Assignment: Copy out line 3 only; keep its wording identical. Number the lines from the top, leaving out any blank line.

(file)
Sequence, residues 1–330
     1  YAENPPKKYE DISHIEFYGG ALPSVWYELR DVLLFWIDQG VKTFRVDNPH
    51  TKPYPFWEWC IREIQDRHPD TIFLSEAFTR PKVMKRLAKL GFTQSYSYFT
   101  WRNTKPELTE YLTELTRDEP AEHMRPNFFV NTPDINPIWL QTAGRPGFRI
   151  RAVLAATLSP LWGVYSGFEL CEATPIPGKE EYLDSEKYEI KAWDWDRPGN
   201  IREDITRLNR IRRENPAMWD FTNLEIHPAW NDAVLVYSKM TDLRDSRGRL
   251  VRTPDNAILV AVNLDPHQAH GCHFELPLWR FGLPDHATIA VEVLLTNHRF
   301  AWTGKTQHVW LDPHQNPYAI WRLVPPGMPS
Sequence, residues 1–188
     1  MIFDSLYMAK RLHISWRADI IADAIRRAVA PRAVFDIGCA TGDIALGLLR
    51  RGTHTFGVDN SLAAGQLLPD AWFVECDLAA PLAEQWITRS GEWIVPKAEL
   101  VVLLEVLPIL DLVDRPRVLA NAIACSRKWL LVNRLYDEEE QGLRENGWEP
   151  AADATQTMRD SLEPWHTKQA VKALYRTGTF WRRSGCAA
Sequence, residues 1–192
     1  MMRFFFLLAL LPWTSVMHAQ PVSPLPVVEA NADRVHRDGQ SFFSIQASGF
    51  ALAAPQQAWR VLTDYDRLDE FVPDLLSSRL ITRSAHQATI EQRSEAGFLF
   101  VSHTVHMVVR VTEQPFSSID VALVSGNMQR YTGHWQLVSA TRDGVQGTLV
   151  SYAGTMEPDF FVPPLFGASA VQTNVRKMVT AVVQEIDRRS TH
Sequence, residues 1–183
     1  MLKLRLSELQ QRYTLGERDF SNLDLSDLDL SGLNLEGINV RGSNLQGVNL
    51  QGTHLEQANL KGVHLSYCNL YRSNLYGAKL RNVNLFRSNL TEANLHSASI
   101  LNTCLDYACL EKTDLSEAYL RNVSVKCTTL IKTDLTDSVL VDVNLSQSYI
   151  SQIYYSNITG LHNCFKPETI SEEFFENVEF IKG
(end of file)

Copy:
    51  TKPYPFWEWC IREIQDRHPD TIFLSEAFTR PKVMKRLAKL GFTQSYSYFT